Professor, Department of Physics
U.C. Berkeley Physics Department
Department of Physics University of California
366 LeConte Hall MC 7300
1 (510) 643-1829
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Dmitry Budker received his Ph.D. in physics from UC Berkeley in 1993 and was a postdoctoral researcher at the University until his faculty appointment in 1995. Born in the former USSR, Budker was a student at the Novosibirsk State University from 1980 until 1985, when he received an equivalent to MS with honors from the Department of Physics. He then served as a junior researcher at the Institute of Nuclear Physics, where he conducted research on laser spectroscopy of atoms. In 1994, Budker received the American Physical Society Award for Outstanding Doctoral Thesis Research in Atomic, Molecular, and Optical Physics. He is a recipient of the NSF CAREER award, a Fellow of the American Physical Society, and was a Miller Professor in 2003-2004.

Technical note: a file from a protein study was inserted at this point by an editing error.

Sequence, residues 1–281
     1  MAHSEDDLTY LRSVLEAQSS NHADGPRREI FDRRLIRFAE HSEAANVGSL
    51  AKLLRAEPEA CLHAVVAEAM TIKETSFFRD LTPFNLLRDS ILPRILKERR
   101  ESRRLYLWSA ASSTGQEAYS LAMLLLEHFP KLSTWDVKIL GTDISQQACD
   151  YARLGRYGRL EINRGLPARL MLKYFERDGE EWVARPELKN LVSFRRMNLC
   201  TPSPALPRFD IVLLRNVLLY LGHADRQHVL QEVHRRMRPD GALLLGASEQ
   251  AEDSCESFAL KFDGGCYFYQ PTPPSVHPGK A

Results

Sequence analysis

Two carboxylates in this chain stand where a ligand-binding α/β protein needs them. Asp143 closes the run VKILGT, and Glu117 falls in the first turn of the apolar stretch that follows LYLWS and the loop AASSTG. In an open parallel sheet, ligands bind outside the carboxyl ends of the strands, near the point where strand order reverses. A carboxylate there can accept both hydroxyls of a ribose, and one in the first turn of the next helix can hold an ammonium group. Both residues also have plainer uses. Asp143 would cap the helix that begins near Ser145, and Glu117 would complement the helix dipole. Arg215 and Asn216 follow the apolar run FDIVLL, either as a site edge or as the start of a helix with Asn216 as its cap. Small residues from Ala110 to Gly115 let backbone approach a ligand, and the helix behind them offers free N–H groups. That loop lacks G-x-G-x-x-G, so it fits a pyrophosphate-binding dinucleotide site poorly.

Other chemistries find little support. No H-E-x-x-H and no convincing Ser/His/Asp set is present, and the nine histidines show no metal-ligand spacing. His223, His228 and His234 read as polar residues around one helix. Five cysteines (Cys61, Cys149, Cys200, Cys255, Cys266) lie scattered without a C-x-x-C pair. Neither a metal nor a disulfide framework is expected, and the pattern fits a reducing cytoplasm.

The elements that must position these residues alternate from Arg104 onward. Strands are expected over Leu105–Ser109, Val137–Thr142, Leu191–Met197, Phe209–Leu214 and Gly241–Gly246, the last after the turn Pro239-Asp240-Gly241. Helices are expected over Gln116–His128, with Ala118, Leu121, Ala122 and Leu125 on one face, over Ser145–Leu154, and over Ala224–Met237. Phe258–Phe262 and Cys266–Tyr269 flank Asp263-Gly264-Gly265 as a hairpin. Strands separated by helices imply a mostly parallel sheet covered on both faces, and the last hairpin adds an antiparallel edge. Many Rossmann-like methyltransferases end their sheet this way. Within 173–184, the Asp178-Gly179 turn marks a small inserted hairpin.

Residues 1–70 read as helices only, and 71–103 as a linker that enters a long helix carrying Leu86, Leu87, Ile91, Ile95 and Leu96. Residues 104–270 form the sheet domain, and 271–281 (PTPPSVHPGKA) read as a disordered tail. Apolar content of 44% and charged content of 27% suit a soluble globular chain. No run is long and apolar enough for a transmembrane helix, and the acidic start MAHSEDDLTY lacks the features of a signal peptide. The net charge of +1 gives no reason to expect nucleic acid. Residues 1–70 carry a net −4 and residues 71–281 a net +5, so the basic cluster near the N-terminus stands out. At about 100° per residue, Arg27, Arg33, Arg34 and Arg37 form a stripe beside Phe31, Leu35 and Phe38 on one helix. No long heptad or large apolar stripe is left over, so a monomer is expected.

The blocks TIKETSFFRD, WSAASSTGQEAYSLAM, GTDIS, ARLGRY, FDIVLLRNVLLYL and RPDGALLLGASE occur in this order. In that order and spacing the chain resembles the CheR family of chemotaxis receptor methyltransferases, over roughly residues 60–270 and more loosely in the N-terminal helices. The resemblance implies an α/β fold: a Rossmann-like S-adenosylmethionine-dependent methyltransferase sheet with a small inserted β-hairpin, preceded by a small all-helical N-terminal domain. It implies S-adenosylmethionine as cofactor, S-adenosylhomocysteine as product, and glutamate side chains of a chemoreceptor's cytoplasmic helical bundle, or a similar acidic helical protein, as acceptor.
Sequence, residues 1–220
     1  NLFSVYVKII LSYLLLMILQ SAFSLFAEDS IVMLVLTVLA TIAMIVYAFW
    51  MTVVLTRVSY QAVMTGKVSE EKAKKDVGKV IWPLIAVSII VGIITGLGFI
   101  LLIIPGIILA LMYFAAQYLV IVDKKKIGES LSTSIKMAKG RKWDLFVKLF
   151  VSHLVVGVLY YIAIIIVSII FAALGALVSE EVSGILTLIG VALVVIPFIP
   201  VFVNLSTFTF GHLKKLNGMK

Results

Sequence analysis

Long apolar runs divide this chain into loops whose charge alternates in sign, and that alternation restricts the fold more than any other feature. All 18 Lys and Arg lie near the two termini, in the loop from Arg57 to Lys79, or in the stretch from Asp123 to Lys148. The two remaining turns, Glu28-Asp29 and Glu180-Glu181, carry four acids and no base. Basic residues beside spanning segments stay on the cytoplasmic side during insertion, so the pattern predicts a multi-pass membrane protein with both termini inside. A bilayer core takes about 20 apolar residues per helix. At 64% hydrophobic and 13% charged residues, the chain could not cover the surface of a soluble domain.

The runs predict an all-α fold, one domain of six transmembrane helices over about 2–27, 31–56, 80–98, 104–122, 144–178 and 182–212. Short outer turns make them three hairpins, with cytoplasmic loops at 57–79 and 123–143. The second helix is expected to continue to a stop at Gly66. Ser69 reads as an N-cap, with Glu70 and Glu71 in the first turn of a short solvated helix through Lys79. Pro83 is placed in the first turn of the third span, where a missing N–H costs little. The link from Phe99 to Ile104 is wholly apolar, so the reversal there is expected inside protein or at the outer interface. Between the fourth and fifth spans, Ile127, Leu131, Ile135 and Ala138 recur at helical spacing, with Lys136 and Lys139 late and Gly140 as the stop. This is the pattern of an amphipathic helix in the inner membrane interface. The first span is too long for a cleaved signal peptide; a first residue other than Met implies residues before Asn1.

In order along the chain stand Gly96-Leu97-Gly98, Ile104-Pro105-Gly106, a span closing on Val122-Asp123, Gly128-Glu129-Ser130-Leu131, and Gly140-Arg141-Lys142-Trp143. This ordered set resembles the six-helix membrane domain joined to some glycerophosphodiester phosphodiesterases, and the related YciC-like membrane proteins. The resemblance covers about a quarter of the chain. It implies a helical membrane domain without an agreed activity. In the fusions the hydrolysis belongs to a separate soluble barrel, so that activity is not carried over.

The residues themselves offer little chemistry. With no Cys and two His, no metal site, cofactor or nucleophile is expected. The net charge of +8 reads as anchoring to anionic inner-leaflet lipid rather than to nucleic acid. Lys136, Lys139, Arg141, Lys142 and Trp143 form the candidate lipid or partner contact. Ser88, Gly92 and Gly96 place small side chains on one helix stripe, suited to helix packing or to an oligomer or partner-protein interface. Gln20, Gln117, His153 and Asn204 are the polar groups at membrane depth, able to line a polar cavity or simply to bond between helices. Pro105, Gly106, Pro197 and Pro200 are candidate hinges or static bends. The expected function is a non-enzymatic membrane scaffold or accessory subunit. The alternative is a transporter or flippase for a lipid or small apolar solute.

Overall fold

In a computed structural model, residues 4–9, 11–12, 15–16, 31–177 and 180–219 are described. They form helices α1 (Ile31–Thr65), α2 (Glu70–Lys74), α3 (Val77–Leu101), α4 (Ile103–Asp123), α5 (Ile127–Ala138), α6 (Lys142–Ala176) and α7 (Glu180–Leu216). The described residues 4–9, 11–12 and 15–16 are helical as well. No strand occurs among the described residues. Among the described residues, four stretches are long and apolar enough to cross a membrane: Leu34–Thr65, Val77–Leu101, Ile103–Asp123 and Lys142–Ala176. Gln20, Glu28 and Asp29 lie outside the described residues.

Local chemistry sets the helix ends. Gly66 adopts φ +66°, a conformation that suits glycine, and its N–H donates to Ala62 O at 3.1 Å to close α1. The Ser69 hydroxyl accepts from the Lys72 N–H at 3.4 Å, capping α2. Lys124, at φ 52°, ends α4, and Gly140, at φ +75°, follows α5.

Budker’s research interests are related to the study of violation of discrete symmetries – parity, time reversal invariance, and permutation symmetry for identical particles - using the methods of modern atomic physics. In particular, he has been involved in exploring the rare earth elements - samarium, dysprosium and ytterbium - where enhancement of P and P,T violating effects occurs due to close proximity of states with opposite nominal parity. More recently, he has also been involved in experimental search for temporal variation of fundamental “constants.” Such experiments involve many aspects and techniques of atomic physics, as well as of linear and nonlinear optics and spectroscopy. Some of the Budker group research involves experimental condensed-matter physics and nuclear magnetic resonance. Budker and his group are also studying applications of nonlinear optical phenomena in resonant vapors to sensitive magnetometry. The group maintains a roughly 50-50 balance of fundamental-physics and applied projects.